“Stop taking it personally,” Durvasula said. “When they are tantruming they are no different than toddlers, but you wouldn’t defend yourself to a two-year-old. When a person is difficult and entitled they often lack empathy and simply do not care about the perspective of the other, so stop wasting it on them. It only psychologically exhausts you and doesn’t change the situation.”
So how do you fight the impulse to defend? Paige Harley, a professional relationship coach and mediator specializing in conflict management, urges us to stay on the offensive.
“Listening is an offensive strategy, and it can become a powerful tool,” Harley said. “I ask my clients to cultivate a ‘seek to understand’ mentality. You do not need to agree with the other person, you just need to understand what they are asking for, as this is how solutions are found.”
We can do this most effectively if we set boundaries on what we’re available to do. According to Vyles, the key to handling a difficult person is to stay proactive, not reactive. “I would not react to the tantrum but, rather, tell the customer what I could do to help them,” she said.
When we are up against rudeness, yelling, and insults, it helps to have a few moments to collect ourselves (a short walk, a few deep breaths) so that we don’t react to a bad situation in a regrettable way.
However, if you can’t step away, and have to keep calm in the face of someone who is losing their cool, try to realize that you are dealing with a tortured soul.
Joy Rains, author of “Meditation Illuminated: Simple Ways to Manage Your Busy Mind,” says that when we’re confronted with people who are rude, unreasonable, entitled, or demanding, that’s the time we need to tap into our compassion.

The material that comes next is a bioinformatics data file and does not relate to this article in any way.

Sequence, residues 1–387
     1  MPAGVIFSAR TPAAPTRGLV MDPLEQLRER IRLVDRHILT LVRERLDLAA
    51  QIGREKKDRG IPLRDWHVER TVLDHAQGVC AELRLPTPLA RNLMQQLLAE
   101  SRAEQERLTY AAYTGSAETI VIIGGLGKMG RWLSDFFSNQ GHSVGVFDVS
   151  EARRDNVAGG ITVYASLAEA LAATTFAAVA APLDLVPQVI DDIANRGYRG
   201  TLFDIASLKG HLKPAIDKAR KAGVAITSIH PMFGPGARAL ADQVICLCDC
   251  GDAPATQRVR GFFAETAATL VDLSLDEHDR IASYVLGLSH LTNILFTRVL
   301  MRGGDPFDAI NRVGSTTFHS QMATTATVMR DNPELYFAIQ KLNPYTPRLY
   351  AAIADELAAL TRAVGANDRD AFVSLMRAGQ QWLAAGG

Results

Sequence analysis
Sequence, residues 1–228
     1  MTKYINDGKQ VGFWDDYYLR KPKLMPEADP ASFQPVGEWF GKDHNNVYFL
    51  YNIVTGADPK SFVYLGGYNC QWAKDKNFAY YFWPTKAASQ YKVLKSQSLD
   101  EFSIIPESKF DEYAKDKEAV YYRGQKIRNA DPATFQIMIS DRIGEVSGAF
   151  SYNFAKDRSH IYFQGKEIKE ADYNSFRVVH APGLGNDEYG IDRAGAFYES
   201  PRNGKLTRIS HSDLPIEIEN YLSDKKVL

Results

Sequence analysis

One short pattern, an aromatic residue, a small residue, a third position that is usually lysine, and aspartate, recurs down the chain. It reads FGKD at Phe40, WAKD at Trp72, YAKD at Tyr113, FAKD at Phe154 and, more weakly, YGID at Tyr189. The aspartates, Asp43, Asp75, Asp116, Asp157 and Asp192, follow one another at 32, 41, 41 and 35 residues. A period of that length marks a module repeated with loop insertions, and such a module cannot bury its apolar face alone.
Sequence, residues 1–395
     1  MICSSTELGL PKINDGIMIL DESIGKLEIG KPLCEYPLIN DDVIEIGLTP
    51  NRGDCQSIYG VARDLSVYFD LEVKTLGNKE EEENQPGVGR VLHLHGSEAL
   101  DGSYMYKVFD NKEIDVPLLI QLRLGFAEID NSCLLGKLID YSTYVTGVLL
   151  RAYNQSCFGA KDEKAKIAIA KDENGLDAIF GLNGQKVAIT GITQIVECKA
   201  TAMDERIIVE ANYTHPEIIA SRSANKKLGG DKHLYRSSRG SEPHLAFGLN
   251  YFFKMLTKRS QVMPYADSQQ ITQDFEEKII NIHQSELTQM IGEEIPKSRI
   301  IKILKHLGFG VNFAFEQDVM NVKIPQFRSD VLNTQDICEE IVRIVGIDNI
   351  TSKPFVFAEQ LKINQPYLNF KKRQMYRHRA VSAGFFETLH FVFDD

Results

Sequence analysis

“If an animal was wounded and hurting, you would probably feel compassion for the animal. It’s likely that a person with difficult behavior is also hurting at some level,” Rains said. “If you approach them with compassion, it helps you see that their behavior is likely not about you, it’s about their approach to the world.”
One way to practice compassion is to look at the person as someone with needs and desires just like you. In a perfect world, everyone would possess the skills to meet their needs in constructive and considerate ways. But understand that people in the real world are working with serious deficits when it comes to strategies for getting what they want.
“Realize they’re trying to get their needs met in the best way they know how. Forgive them for not being able to take a perfect approach,” Rains said.
Vanessa Valiente, a personal stylist and fashion blogger in San Diego, says she comes from a family filled with difficult people. But she sees her background more as a blessing than a curse.